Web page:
I believe that a sixth sense is what she experienced.
One method I always used when memorising a piece of music was to approach it as one would a poem…both have a type of rhythm, a start, a body and an ending. Cadences exist in poetry as well as music…just in a different form. I wonder if poets realise just how much they have in common with composers of music?

By: Phillip Wilcher http://www.culturedviews.com/can-music-be-visual-as-well-as-aural-the-messiaen-experience/2008/01/28/view.htm/comment-page-1#comment-23 Thu, 07 Feb 2008 09:08:14 +0000 http://www.britishbreakfasts.com/can-music-be-visual-as-well-as-aural-the-messiaen-experience/2008/01/28/view.htm#comment-23 “Objectives, hopes and dreams” – these are wonderful things.
Way leads on to way. I agree with you and I applaud your
passion to inspire thought and feeling.Have you read
William Fifield’s book “In Search of Genius”? Essentially
it’s transripts of discussion he had with artists on the act
of creativity and that “sixth sense”. Those artists and writers
interviewed include Picasso, Jean Cocteau, Jean Giono, Robert Graves,
Dali, even Marcel Marceau. The book is enlightening and thought
provoking and quite the contagion. Strangely, no musicians/composers
feature in it. I have often wondered why when music, of all the
arts is perhaps the most transient since it is an inhabitant of
time. I have always felt it’s closest genre to be poetry, not painting.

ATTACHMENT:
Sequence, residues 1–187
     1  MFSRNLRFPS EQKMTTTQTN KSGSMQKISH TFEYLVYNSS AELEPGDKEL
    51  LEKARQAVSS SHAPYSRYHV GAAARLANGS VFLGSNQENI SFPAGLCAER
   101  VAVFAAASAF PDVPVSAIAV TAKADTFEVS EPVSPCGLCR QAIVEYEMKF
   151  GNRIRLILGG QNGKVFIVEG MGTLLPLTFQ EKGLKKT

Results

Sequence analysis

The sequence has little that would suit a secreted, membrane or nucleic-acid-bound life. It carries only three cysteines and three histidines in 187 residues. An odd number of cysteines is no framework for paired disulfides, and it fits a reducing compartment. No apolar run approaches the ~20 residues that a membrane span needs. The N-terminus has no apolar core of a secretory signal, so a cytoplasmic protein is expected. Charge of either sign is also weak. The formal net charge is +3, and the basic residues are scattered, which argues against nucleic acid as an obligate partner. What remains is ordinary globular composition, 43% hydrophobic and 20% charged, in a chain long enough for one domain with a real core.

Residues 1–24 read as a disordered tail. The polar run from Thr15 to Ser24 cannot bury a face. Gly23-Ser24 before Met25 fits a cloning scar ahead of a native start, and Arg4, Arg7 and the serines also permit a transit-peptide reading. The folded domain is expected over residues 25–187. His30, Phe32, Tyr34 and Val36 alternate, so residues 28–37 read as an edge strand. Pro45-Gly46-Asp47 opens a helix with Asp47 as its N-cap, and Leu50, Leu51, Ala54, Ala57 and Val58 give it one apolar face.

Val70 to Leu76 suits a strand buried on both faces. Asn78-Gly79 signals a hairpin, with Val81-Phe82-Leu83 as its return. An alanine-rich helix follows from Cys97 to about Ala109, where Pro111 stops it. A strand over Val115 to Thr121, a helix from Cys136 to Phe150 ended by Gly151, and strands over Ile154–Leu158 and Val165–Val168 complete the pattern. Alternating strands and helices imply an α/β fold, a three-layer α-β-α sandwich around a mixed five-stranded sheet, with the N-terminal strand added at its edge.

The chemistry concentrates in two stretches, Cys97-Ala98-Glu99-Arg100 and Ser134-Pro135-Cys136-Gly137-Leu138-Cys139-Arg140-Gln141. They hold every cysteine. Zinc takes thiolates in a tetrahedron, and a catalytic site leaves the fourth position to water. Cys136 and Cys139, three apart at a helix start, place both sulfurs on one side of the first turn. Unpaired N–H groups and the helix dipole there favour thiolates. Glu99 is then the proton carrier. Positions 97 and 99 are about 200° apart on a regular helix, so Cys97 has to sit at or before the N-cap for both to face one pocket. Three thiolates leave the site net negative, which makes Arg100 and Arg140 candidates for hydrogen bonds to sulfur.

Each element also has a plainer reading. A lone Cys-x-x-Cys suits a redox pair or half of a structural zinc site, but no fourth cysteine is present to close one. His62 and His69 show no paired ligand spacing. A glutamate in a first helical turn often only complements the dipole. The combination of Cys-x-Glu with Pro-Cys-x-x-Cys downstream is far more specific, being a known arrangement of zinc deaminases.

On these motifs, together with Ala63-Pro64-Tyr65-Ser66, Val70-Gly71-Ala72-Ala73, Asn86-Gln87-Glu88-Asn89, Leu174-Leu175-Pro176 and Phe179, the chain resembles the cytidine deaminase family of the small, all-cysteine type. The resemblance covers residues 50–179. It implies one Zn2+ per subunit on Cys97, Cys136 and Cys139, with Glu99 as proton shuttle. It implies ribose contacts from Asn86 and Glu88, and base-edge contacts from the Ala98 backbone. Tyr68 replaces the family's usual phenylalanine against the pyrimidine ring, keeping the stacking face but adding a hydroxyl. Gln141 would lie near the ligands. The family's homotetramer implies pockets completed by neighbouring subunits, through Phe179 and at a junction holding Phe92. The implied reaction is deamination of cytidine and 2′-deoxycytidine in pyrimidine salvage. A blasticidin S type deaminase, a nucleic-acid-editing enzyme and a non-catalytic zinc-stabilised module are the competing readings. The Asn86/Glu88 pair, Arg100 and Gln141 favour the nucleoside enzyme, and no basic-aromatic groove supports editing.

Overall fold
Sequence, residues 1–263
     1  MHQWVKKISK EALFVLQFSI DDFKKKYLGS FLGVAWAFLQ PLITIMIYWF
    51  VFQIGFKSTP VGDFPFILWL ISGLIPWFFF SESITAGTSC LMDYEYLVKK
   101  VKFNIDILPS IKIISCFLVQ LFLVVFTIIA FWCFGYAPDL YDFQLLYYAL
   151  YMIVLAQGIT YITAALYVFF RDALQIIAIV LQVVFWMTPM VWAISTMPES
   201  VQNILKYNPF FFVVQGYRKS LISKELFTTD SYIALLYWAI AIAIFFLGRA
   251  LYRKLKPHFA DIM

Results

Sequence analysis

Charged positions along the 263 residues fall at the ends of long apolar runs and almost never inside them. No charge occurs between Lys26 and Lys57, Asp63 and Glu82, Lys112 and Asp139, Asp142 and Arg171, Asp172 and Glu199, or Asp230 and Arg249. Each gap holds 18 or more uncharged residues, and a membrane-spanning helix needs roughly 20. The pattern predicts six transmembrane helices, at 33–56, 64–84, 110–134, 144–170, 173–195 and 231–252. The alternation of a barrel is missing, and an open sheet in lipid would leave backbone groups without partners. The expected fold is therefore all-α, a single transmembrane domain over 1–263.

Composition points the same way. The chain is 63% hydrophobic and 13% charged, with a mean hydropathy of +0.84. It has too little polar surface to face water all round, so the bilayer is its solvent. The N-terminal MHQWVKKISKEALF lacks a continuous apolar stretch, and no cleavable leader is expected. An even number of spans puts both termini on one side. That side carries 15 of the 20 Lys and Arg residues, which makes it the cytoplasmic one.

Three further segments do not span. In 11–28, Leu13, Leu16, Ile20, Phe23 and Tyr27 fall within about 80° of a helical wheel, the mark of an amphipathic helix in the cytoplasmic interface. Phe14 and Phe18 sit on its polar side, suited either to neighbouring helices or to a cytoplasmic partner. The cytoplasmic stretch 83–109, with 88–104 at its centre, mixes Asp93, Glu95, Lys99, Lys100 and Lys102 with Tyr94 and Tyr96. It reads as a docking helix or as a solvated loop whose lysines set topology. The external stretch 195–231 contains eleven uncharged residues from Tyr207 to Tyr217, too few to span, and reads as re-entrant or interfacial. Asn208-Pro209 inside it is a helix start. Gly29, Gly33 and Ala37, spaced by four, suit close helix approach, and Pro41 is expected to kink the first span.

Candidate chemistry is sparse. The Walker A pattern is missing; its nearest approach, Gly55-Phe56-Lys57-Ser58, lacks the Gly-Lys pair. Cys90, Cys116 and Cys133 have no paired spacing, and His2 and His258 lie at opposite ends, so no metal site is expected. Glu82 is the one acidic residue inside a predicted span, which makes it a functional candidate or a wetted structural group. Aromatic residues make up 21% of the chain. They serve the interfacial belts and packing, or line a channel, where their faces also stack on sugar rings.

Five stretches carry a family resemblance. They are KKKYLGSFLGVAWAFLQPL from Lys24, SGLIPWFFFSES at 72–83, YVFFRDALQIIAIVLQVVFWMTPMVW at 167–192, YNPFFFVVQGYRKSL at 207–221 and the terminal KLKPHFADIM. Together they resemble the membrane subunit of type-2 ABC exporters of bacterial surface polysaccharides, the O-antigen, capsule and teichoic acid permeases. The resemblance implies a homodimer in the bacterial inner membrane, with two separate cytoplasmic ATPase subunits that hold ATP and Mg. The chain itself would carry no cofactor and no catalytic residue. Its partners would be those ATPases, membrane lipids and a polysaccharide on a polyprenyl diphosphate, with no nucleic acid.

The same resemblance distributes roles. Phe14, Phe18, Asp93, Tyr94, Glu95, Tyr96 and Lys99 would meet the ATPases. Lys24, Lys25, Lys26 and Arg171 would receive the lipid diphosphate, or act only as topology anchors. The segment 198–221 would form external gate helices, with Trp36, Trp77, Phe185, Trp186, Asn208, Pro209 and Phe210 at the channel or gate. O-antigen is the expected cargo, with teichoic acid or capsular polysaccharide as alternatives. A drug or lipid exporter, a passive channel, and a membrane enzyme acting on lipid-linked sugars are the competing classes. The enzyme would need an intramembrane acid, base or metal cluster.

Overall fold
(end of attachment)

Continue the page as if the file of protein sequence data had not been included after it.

If you don’t know the book, search it out – it tells of the techniques at
work in each, and the charms of the working….

By: Phillip Wilcher http://www.culturedviews.com/can-music-be-visual-as-well-as-aural-the-messiaen-experience/2008/01/28/view.htm/comment-page-1#comment-18 Thu, 07 Feb 2008 04:43:27 +0000 http://www.britishbreakfasts.com/can-music-be-visual-as-well-as-aural-the-messiaen-experience/2008/01/28/view.htm#comment-18 You’ve triggered the thoughts dear Wendy!
Delacroix once said of progress that all
things return to the natural point of
departure before moving forward. I understand
this. Everything is cyclical.I think too it is
what T.S Elliot was saying in the above quote.
I have been very very fortunate to have people
far greater than myself believe in me. They have
helped shape who I am. Creativity is such an
abiding joy and the strengths to be gained from
that “journey within” are manifold. I’m thoroughly
blessed. Aside from the meaning of life being to seek
life’s meaning, it is also to seek and know one’s
self…”to arrive where we started and know the place for
the first time. I believe in our young folk, and so it is
I am back where I started – at a place where I “feel”
belief again, as of yore, but where then the belief was
in me, I now want to give back to others that very same
belief that was extended me and to encourage young folk never to give up on
their hopes and their dreams and always to believe that there
is no such thing as failure. As you have said: “In that, ‘response’
surely completes this concept. I am not sure if I am making sense
here but what matters to me more than anything, more than the language
of desire and discipline, is the desire and discipline itself. What
matters to me is that striving forward to truthfully write one’s own
chapter in this time called “life”, to leave a mrak in the world that
is innately “you”. To believe…..